Sunderland news

Sunderland sponsorship not threatened

April 2, 2013
By ESPN staff

The Nelson Mandela Foundation has insisted its relationship with Sunderland will not change in the wake of the appointment of Paolo Di Canio as manager.

Sunderland showcased their new partnership before the game with Manchester United
GettyImagesSunderland showcased their new partnership before the game with Manchester United

• Di Canio ignoring media coverage
• Blog: Di Canio can't lose
• Di Canio: Discipline is key

The Wearside club staged a 'Nelson Mandela Day' on Saturday prior to their home Premier League defeat to Manchester United, with their first-team squad wearing the foundation's T-shirts before kick-off.

Under the deal, Sunderland will help deliver the foundation's messages of education and social inclusion, and on Tuesday the not-for-profit organisation released a statement to say it was business as usual despite Di Canio's previous statement that he was a fascist.

"The Nelson Mandela Centre of Memory and the management of Sunderland Football Club met in England on Monday, 1 April, 2013, to discuss the public debates around Sunderland's new coach. Mr Di Canio participated in the meeting,'' the statement read.

"The centre recently entered into a partnership with the club designed to promote the legacy of our founder, Nelson Mandela, and to help ensure the future sustainability of the centre.

"At the heart of the partnership is a commitment to our founder's values with a special focus on human rights and anti-racism. At the meeting on Monday, Sunderland reaffirmed its commitment to these values and the ethos of the partnership.

"It must be stressed that the centre's relationship is with the club, not with any individual in the club.''

Sunderland's shirt sponsor, Invest in Africa, has not directly commented on Di Canio's appointment, with a spokesman saying it is "a football-related matter and under the remit of the club".

Another not-for-profit organisation, it promotes the African continent and has a deal that runs until the end of this season, though there is the option to extend that for another year.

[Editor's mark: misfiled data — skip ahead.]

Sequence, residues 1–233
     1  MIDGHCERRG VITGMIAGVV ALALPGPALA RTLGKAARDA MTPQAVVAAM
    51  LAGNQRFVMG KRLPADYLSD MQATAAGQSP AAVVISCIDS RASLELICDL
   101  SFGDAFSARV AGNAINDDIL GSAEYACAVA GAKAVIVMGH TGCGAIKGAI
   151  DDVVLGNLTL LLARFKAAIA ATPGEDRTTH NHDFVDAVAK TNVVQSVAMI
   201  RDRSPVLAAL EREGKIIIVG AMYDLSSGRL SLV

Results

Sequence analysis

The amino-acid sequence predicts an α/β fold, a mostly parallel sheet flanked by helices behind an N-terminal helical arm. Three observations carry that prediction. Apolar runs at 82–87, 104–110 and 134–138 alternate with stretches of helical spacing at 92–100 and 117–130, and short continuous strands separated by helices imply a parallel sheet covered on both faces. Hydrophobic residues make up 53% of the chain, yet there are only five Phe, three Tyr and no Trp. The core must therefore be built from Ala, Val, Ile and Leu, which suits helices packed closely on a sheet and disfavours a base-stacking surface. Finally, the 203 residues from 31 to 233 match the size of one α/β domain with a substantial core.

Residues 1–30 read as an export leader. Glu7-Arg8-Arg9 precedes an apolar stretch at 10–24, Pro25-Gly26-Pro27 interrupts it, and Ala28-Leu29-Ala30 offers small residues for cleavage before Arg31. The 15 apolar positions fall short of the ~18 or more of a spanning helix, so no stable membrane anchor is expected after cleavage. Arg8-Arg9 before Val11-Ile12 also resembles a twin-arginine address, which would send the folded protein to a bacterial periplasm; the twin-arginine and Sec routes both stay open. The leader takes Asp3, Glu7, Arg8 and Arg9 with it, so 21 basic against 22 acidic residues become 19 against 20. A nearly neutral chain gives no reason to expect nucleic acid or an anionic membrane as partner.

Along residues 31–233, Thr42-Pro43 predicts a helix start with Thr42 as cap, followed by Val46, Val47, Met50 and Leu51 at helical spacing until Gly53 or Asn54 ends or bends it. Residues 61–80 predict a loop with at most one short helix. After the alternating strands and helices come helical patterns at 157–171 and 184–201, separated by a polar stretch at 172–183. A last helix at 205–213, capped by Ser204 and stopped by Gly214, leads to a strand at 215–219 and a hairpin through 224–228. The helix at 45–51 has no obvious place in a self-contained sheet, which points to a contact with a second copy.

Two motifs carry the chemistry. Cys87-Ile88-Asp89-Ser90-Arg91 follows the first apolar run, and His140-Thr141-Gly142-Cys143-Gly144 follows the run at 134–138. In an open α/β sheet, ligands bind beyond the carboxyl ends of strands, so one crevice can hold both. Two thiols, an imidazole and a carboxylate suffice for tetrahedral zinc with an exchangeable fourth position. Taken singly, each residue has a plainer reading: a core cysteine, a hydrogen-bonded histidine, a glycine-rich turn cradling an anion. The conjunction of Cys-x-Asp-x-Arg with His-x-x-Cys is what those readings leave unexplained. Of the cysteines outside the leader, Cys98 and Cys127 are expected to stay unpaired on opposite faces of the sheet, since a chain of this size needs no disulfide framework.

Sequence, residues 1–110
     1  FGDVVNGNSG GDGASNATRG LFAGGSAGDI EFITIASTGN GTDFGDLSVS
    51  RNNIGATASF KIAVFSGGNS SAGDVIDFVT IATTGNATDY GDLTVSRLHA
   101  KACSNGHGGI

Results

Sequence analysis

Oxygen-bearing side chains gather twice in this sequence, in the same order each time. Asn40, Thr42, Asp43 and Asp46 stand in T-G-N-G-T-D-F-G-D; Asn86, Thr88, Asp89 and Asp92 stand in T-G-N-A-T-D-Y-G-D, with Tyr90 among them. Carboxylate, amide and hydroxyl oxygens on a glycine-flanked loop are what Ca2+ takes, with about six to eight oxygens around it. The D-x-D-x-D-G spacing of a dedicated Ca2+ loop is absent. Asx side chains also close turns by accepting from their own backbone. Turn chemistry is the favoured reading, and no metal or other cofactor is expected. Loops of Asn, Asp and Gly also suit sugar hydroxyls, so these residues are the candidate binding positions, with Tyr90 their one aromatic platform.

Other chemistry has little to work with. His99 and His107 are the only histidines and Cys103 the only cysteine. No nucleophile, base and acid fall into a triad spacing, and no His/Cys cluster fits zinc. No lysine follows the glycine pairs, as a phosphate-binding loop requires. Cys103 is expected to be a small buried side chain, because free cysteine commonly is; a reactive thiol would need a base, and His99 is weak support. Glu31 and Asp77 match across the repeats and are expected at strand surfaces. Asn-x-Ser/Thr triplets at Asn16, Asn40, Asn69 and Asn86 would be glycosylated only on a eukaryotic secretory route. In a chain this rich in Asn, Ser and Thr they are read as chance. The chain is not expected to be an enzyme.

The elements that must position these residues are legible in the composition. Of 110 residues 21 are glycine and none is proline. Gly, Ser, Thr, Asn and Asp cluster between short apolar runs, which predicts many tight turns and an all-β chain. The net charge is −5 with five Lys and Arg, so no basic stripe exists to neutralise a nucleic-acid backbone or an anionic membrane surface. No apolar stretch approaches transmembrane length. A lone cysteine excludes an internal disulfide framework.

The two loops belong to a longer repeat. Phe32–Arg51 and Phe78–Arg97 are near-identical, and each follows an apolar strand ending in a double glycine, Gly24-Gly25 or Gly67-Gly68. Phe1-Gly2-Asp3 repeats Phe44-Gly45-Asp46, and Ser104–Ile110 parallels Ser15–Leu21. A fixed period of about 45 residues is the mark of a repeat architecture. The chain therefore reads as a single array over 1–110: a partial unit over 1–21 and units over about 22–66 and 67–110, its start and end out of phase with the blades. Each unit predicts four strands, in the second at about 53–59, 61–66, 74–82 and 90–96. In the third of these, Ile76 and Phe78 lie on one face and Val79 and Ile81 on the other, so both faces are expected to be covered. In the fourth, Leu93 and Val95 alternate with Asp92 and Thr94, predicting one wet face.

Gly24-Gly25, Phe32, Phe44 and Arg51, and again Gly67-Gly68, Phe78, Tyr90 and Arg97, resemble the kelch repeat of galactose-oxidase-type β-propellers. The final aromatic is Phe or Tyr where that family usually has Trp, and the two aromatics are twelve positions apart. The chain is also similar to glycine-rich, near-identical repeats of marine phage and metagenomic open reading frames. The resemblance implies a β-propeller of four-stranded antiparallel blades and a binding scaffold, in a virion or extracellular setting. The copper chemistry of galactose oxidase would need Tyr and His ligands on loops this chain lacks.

Meanwhile, anti-discrimination campaign group Kick It Out expressed concern over the appointment of Di Canio.

A statement from the group read: "It is not part of Kick It Out's remit to sanction the selection of staff of football clubs.

"However, football clubs have a responsibility to ensure that their employees demonstrate a commitment to anti-discrimination and equality of opportunity. It may be in the interest of both the club and Mr Di Canio to acknowledge a full and frank commitment to these policies.

"It is all too easy for positive progress and engagement to be compromised by inappropriate statements, and both Sunderland supporters and members of its local community will be looking for reassurance on these points.

"When fascism is referenced within the context of English football, there is a wider concern.

"The spectre of the rise of far-right groups in some parts of Europe cannot be allowed to undermine the progress made in the game domestically, and the increasing number of incidents involving both neo-Nazi and Ultra groups which have happened in places like Italy and Greece must not be replicated here.

"Kick It Out and its partners have held concerns for some time about similar groups operating in the UK. Now is the time to reinforce this vigilance."

Information from the Press Association was used in this report